Fed’s Collins sees no urgency to cut rates

By Thomson Reuters Apr 11, 2024 | 11:08 AM

By Michael S. Derby

NEW YORK (Reuters) – Federal Reserve Bank of Boston President Susan Collins said Thursday the strength of the economy and uneven retreat of inflation argues against a near term push to lower rates by the central bank.

“I do expect it will be appropriate to begin lowering the federal funds rate later this year,” Collins said in the text of a speech prepared for delivery before a gathering of the Economic Club of New York. That said, “recent data suggest it may take more time than I had previously thought to gain greater confidence in inflation’s downward trajectory, before beginning to ease policy,” the official said.

Collins weighed in as markets have been digesting stronger-than-expected inflation data over the start of the year. Coupled with ongoing robust job gains, traders and investors have been marking down the prospects of Fed rate cuts and pushing back the start date of the easing, even as Fed officials say they think they’re still on track for some sort of lowering of what is now a 5.25% to 5.5% federal funds rate.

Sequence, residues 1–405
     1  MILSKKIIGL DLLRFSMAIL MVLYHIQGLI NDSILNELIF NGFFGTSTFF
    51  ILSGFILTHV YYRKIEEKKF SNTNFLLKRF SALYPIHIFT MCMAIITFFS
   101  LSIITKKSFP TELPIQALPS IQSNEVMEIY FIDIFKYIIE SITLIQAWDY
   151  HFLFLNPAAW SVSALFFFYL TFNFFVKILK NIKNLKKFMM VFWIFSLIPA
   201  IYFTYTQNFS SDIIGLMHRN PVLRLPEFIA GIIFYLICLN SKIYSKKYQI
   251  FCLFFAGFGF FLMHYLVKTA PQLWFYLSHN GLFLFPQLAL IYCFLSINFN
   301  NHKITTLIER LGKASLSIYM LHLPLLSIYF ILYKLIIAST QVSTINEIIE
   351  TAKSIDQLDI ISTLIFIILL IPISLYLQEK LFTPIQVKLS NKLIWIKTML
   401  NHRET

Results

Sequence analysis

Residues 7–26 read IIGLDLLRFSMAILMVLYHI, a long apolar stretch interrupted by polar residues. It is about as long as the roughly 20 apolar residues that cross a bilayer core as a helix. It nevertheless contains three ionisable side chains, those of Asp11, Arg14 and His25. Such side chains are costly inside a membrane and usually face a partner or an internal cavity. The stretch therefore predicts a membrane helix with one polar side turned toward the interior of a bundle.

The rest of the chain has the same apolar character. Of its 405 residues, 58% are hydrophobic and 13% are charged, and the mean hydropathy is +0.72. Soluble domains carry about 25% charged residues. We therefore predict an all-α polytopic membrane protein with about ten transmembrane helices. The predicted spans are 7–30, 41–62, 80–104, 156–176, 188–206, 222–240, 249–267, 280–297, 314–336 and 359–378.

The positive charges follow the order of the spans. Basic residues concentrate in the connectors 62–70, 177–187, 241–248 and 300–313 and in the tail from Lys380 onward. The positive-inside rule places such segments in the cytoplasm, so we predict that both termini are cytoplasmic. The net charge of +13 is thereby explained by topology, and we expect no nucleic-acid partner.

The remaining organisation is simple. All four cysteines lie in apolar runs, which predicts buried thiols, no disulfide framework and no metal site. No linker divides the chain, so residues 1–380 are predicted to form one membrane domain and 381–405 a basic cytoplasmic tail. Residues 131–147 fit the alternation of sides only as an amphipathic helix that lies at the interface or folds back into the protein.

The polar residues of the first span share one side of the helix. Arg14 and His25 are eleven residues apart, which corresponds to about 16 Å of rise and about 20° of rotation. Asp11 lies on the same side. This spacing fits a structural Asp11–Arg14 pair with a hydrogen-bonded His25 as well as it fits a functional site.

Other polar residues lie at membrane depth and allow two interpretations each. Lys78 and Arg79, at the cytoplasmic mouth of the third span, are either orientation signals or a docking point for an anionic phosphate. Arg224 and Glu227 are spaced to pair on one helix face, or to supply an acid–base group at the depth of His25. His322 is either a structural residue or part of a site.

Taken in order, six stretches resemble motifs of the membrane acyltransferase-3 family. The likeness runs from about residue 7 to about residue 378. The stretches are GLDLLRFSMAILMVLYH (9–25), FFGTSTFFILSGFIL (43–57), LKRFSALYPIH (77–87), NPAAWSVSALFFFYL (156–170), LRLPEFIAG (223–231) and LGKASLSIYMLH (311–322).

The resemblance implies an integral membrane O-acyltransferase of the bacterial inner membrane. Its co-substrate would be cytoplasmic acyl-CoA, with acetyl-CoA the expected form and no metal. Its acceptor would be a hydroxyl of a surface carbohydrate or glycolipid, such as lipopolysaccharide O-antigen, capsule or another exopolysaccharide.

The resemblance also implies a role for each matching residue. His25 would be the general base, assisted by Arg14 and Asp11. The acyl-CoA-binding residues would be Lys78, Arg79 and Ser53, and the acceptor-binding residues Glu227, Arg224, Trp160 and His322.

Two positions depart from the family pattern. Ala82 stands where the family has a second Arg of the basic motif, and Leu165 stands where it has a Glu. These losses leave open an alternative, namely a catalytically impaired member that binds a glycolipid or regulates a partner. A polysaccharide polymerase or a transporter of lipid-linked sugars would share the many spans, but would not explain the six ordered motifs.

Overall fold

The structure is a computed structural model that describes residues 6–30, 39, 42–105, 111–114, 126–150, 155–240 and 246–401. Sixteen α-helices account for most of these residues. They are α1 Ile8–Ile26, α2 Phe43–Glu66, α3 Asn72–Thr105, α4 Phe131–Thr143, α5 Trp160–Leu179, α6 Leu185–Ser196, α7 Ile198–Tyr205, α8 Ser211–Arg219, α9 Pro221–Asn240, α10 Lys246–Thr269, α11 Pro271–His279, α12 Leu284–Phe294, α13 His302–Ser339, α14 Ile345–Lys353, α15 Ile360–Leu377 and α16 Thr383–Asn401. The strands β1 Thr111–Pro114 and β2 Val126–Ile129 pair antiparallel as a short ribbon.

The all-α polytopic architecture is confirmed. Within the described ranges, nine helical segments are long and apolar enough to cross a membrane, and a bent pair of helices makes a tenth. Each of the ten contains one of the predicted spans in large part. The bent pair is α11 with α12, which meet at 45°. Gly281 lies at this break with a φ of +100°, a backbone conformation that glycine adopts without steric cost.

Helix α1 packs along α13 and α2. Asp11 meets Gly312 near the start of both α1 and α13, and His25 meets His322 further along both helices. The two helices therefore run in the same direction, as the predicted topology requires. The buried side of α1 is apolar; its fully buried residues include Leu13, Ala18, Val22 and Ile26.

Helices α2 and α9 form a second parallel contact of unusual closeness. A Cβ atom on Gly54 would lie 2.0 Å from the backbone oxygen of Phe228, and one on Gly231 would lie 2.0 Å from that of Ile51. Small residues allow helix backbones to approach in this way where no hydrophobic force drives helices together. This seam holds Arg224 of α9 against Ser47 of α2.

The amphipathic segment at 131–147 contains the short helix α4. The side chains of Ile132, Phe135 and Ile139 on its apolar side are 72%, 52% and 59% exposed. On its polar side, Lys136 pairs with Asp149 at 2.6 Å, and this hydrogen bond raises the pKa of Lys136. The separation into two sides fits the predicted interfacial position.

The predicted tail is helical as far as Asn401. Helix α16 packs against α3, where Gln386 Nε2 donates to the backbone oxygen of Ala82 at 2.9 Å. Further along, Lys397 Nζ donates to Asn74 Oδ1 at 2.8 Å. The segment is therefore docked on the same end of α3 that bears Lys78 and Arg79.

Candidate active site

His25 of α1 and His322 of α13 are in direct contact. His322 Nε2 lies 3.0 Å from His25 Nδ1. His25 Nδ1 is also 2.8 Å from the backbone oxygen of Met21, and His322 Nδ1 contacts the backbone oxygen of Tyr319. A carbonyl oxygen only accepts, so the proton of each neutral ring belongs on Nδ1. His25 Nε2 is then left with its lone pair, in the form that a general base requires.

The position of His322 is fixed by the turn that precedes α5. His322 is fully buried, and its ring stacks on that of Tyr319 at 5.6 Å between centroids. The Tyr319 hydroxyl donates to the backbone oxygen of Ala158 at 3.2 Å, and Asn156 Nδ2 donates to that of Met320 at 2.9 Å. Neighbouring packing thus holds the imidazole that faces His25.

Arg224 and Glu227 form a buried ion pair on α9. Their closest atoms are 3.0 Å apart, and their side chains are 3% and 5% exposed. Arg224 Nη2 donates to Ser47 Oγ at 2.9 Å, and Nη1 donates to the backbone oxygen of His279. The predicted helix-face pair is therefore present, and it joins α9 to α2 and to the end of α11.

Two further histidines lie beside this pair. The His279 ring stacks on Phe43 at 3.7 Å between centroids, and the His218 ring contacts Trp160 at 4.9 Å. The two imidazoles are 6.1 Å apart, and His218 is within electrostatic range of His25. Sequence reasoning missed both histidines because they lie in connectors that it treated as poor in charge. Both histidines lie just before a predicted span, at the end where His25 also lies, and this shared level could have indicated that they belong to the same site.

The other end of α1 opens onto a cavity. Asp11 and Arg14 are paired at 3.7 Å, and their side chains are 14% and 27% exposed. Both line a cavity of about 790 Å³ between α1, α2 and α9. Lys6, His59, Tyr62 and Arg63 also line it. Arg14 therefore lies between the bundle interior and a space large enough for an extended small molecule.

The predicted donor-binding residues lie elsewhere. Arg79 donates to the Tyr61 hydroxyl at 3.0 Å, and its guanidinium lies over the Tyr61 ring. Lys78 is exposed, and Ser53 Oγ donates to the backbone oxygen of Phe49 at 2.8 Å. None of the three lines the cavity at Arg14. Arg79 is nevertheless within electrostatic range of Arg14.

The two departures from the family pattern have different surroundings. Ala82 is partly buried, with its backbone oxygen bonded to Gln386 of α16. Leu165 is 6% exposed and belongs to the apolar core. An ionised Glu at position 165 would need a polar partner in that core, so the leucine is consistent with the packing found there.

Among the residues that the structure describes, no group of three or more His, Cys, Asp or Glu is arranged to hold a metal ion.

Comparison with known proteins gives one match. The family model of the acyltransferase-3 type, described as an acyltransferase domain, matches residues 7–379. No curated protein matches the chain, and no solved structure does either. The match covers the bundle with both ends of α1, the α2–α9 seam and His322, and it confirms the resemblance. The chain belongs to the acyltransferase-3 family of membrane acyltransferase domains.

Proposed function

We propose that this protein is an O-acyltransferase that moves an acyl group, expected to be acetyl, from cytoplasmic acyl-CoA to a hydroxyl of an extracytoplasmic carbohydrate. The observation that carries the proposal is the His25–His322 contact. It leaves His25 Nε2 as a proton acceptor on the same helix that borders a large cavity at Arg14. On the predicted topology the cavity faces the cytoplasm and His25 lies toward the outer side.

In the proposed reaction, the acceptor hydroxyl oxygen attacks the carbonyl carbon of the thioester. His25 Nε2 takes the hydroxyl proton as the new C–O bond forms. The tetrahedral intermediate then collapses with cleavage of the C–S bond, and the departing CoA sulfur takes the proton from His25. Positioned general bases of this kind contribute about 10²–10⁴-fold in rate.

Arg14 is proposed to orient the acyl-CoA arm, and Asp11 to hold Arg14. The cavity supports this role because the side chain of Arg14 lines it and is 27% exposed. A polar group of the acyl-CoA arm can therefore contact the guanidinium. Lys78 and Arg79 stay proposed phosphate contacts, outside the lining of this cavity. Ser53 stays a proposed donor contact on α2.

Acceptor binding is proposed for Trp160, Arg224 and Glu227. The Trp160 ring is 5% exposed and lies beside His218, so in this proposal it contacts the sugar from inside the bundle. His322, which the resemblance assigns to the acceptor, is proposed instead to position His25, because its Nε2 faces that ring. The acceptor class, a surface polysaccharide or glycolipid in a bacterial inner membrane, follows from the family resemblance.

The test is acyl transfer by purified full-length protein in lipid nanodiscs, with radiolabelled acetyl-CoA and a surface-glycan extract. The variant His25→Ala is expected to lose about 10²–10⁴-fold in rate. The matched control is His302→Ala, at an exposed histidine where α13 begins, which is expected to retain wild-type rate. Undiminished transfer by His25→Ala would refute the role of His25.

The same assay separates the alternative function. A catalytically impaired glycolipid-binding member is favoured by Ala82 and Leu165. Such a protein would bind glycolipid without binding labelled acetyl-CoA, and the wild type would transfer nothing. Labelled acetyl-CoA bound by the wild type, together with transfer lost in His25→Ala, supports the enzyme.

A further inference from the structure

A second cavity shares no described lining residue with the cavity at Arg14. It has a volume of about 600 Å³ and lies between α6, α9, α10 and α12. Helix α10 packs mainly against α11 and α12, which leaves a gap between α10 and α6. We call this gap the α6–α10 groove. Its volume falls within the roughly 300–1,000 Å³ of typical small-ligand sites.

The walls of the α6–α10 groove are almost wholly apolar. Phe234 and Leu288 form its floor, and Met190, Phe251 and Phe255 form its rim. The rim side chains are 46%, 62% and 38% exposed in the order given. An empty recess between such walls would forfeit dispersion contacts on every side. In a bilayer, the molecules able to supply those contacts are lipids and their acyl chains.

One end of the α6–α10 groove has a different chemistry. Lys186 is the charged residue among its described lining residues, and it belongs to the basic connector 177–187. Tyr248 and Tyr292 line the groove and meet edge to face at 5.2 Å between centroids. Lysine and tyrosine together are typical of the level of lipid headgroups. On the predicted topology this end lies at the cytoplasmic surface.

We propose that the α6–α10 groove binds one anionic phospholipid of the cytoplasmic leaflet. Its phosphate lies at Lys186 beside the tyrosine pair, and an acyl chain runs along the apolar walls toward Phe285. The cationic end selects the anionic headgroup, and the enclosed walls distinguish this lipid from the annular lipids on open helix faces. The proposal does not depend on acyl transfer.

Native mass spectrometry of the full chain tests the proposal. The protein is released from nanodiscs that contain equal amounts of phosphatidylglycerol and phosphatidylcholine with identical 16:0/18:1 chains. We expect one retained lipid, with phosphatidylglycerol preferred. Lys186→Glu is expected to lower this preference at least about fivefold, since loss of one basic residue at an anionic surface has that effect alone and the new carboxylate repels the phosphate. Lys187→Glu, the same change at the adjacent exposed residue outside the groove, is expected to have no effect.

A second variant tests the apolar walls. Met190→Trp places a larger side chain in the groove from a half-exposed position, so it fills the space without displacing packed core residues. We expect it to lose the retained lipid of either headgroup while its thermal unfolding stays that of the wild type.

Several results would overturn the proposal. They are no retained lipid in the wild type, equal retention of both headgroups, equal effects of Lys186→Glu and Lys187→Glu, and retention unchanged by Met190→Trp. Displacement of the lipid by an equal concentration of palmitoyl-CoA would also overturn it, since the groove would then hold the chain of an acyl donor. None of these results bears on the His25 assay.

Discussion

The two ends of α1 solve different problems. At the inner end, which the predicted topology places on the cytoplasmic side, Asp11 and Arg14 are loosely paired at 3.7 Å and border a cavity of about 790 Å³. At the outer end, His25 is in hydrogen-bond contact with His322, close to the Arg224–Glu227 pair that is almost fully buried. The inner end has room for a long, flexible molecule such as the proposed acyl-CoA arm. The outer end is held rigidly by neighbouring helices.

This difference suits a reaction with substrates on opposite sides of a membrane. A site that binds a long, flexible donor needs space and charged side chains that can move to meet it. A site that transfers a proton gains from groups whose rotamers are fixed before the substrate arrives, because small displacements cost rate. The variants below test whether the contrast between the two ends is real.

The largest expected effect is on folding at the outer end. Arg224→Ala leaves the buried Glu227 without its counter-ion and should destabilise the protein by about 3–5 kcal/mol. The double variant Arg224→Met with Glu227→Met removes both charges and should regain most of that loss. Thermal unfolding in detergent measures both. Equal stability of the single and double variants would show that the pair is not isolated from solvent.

In her remarks, Collins said monetary policy is in a good position right now and there’s increasing evidence that despite the high level of the short-term rate target policy may not be providing as much restraint as expected.

“It may just take more time than previously thought for activity to moderate, and to see further progress in inflation returning durably to our target,” Collins said. “Less concern about labor market fragilities, combined with the possibility that policy is only modestly restrictive, also reduces the urgency to ease,” she said.

Collins said that while it’s not a surprise that inflation’s retreat toward 2% hasn’t been as robust over recent months as it was last year, “disinflation may continue to be uneven.” For the Fed, “this also implies that less easing of policy this year than previously thought may be warranted.”

While risks for the outlook abound, Collins said she was cautiously optimistic about the outlook.

“I expect to see further evidence that inflation is durably, if unevenly, returning toward 2 percent, and that the economy is coming into better balance, with demand and supply more closely aligned amid a healthy labor market,” the official said.

(Reporting by Michael S. Derby; Editing by Chizu Nomiyama)